Three-dimensional motion aftereffects reveal distinct direction-selective mechanisms for binocular processing of motion through depth

Thaddeus B. Czuba, Bas Rokers, Kyle Guillet, Alexander C. Huk, Lawrence K. Cormack

Research output: Contribution to journalArticle


Motion aftereffects are historically considered evidence for neuronal populations tuned to specific directions of motion. Despite a wealth of motion aftereffect studies investigating 2D (frontoparallel) motion mechanisms, there is a remarkable dearth of psychophysical evidence for neuronal populations selective for the direction of motion through depth (i.e., tuned to 3D motion). We compared the effects of prolonged viewing of unidirectional motion under dichoptic and monocular conditions and found large 3D motion aftereffects that could not be explained by simple inheritance of 2D monocular aftereffects. These results (1) demonstrate the existence of neurons tuned to 3D motion as distinct from monocular 2D mechanisms, (2) show that distinct 3D direction selectivity arises from both interocular velocity differences and changing disparities over time, and (3) provide a straightforward psychophysical tool for further probing 3D motion mechanisms.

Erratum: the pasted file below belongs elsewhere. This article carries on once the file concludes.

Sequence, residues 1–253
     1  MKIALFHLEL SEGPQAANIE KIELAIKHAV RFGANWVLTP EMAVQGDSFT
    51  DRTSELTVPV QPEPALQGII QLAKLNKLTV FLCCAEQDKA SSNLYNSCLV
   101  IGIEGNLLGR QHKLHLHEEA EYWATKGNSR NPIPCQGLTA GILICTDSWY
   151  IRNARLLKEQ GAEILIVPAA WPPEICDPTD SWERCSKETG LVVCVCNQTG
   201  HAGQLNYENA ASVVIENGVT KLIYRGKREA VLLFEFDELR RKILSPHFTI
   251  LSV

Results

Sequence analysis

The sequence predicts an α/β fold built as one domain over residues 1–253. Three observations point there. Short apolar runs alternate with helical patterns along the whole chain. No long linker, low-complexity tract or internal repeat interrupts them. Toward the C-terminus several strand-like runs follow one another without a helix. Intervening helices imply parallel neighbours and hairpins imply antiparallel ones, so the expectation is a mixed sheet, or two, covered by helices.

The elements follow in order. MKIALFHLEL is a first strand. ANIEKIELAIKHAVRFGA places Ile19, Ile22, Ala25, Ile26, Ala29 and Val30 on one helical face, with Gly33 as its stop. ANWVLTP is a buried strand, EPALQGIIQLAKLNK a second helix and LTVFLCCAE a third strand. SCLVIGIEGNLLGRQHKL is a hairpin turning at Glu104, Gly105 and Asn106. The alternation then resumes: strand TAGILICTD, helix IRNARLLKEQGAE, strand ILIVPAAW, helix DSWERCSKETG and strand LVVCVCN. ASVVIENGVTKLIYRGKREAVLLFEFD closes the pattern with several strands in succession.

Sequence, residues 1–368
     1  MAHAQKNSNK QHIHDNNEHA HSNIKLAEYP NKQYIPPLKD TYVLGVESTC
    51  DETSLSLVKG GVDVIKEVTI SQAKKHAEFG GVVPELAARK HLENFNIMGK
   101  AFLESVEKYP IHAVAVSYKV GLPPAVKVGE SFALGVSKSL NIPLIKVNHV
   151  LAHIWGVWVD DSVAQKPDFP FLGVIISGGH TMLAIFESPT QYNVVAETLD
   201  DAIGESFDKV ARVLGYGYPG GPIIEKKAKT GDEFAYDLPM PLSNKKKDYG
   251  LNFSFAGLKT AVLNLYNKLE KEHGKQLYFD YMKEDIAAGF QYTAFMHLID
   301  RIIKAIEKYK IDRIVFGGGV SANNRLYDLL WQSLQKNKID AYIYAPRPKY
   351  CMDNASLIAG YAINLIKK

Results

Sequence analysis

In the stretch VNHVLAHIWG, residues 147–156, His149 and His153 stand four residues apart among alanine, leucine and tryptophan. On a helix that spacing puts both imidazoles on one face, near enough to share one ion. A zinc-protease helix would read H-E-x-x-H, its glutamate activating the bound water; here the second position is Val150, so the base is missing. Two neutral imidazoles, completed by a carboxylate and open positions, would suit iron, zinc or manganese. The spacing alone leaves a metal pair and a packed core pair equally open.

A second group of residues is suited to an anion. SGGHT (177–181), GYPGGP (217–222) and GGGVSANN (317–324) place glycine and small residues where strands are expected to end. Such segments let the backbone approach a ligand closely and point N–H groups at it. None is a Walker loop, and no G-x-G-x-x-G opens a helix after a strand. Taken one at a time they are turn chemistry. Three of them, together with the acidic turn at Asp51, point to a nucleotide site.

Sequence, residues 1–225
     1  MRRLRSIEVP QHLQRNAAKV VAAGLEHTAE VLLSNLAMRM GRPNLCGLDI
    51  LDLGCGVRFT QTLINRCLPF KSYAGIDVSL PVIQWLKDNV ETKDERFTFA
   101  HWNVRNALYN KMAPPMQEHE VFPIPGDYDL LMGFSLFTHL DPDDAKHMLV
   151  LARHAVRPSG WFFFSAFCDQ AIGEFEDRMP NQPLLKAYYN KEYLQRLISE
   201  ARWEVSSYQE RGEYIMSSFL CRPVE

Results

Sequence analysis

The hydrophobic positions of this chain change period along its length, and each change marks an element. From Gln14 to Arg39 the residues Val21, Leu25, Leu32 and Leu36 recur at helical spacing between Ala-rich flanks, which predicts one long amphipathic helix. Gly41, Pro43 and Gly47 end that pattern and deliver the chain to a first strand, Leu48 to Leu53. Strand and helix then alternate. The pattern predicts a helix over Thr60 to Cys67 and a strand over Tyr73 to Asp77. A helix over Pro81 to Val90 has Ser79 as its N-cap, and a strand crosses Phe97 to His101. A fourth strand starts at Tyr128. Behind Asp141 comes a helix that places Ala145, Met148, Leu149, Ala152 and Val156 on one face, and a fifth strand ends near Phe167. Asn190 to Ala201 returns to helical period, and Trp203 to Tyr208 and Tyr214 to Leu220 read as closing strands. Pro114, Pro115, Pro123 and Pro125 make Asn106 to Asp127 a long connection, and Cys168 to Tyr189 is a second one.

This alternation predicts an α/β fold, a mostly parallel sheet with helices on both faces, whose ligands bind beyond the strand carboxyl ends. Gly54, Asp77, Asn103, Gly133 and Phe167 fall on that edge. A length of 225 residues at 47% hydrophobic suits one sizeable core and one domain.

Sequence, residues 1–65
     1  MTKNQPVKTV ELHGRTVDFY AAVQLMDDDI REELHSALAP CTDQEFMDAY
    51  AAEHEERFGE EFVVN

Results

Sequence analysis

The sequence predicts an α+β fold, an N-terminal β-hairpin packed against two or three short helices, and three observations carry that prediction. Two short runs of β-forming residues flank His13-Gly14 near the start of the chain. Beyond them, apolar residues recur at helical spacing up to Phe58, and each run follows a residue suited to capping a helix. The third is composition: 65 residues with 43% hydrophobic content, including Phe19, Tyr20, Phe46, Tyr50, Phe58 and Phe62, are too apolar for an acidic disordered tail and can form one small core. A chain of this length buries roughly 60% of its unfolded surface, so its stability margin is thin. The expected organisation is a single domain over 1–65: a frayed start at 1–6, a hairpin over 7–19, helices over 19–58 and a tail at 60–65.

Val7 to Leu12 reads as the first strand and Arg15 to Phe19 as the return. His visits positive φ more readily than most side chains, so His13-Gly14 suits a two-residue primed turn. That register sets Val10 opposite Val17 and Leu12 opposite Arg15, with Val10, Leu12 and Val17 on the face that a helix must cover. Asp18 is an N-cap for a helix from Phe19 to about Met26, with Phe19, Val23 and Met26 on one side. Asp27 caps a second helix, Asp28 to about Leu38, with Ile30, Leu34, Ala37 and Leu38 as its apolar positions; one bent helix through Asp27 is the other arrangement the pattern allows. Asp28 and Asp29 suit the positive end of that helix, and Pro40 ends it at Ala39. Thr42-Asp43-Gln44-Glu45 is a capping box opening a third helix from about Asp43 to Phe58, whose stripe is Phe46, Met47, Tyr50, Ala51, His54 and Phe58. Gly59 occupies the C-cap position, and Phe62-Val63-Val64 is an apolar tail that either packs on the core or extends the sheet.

Original languageEnglish (US)
Pages (from-to)1-18
Number of pages18
JournalJournal of vision
Issue number10
StatePublished - Oct 21 2011



  • 3D motion
  • Binocular vision
  • Changing disparity
  • Interocular velocity difference
  • Motion aftereffect
  • Stereomotion

ASJC Scopus subject areas

  • Ophthalmology
  • Sensory Systems

Cite this